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I'm learning about abstract classes in Java and I have a little problem with this error: No enclosing instance of type zad_II_1 is accessible. Must qualify the allocation with an enclosing instance of type zad_II_1 (e.g. x.new A() where x is an instance of zad_II_1). What I do wrong? This is code:

public class zad_II_1 {

    abstract class Pacjent{
            String imie;

            Pacjent(String imie){
            this.imie=imie;
            }

            abstract String nazwiskoo();
            abstract String PodajChorobe();
            abstract String PodajLek();

            String nazwisko(){
                return imie;
            }
            String choroba(){
                return PodajChorobe();
            }
            String leczenie(){
                return PodajLek();
            }
            }


     class ChoryNaGlowe extends Pacjent{
         ChoryNaGlowe(String imie){
             super(imie);}
             String nazwiskoo(){
                 return imie;
             }
             String PodajChorobe(){return "glowa";}
             String PodajLek(){return "aspiryna";}
     }
    class ChoryNaNoge extends Pacjent{
         ChoryNaNoge(String imie){
             super(imie);}
             String nazwiskoo(){
                 return imie;
             }  
             String PodajChorobe(){return "noga";}
             String PodajLek(){return "gips";}
    }
    class ChoryNaDyspepsje extends Pacjent{
         ChoryNaDyspepsje(String imie){
             super(imie);}
             String nazwiskoo(){
                 return imie;
             }   
             String PodajChorobe(){return "dyspepsja";}
             String PodajLek(){return "wegiel";}
        }





        public static void main(String[] args) {

            Pacjent[] pacjenci = { new ChoryNaGlowe("Janek"),
                                   new ChoryNaNoge("Edzio"),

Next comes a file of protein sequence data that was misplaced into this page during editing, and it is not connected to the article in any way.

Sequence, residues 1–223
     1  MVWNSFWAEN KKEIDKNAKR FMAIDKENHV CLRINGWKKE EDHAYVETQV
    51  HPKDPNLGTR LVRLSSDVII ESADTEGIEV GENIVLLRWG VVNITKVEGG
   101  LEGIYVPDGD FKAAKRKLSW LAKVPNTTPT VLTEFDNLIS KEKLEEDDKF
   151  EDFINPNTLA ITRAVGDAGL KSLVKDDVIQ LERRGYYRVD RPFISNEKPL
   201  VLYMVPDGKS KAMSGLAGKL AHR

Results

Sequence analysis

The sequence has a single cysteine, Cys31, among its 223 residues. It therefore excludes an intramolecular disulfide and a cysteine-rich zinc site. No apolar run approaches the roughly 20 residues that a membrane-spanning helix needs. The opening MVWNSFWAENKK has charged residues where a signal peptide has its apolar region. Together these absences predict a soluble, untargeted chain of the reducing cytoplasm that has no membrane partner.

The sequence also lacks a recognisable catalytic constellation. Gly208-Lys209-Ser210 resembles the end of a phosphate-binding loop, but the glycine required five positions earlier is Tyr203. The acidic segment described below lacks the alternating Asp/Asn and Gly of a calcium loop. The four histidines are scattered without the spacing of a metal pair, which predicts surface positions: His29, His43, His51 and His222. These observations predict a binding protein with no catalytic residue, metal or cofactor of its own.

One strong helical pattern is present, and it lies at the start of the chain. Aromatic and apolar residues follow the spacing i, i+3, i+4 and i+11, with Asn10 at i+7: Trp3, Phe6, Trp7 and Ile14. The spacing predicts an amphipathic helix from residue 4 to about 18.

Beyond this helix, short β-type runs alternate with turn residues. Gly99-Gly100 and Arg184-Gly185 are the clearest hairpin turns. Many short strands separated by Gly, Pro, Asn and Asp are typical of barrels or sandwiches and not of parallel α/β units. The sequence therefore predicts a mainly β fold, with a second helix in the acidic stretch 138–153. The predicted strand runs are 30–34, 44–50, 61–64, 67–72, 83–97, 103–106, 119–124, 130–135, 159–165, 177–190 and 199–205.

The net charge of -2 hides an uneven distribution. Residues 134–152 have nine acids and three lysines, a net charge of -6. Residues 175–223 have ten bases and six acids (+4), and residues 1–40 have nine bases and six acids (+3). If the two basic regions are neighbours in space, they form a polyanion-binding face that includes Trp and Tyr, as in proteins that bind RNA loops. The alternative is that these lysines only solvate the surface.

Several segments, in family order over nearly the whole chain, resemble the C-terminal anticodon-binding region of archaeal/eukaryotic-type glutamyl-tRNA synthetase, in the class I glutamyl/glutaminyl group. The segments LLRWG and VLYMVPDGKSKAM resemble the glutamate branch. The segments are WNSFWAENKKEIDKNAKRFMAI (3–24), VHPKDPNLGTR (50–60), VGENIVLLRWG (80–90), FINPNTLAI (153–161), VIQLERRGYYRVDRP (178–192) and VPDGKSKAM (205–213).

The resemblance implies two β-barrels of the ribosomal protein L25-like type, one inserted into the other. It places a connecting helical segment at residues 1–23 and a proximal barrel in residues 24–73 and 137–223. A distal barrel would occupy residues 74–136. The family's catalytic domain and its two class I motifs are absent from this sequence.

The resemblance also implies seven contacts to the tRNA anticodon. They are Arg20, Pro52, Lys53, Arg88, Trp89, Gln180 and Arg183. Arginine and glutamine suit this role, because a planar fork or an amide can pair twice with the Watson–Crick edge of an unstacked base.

new ChoryNaDyspepsje("Marian")
                                 };

            for (Pacjent p : pacjenci) {
              System.out.println("Pacjent:      " + p.nazwisko() + '\n' + 
                                "Chory na:    " + p.choroba() + '\n' +
                                "Zastosowano: " + p.leczenie() +"\n\n" 
                                 );
            }

          }
}
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marked as duplicate by Eran, Kevin Panko, Johan, hexacyanide, AZ_ Oct 10 '13 at 3:18

This question has been asked before and already has an answer. If those answers do not fully address your question, please ask a new question.

1  
That is a terrible class name. Don't start with such bad habits. And read up on inner classes. –  Sotirios Delimanolis Apr 8 '13 at 19:59
    
it's a special key for my study excercises.. But thanks! :) –  Blackchart Apr 8 '13 at 20:12

3 Answers 3

up vote 0 down vote accepted

All your inner class needs to be static.

static abstract class Pacjent

and

static class ChoryNaGlowe extends Pacjen

etc...

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It works! Thank you Xavier Delamotte! I must read smt more about static classes... –  Blackchart Apr 8 '13 at 20:08

You can make your inner classes static, of course.

Or, you need to have an instance of zad_II_1 to create the inner classes:

zad_II_1 z = new zad_II_1();
z.new ChoryNaGlowe("Janek")
share|improve this answer
    
It works! Thank you MPi. –  Blackchart Apr 8 '13 at 20:08

Or you can move everything out of the main method, as using the "new inner class instance" call is very confusing.

public main(String... args) {
    zad_II_1 z = new zad_II_1();
    z.doExercise();
}
private void doExercise() {
    // copied from the old main().
    // Just use new CherryNaGlowe(...), etc.
}

In general, try to use static inner classes when you can. Sometimes people store inner classes in other objects for long periods of time. If an inner class is reachable by the system, the outer class automatically is too, and that's one way to leak memory.

share|improve this answer
    
ok i try! Thank you for help :) –  Blackchart Apr 9 '13 at 18:17

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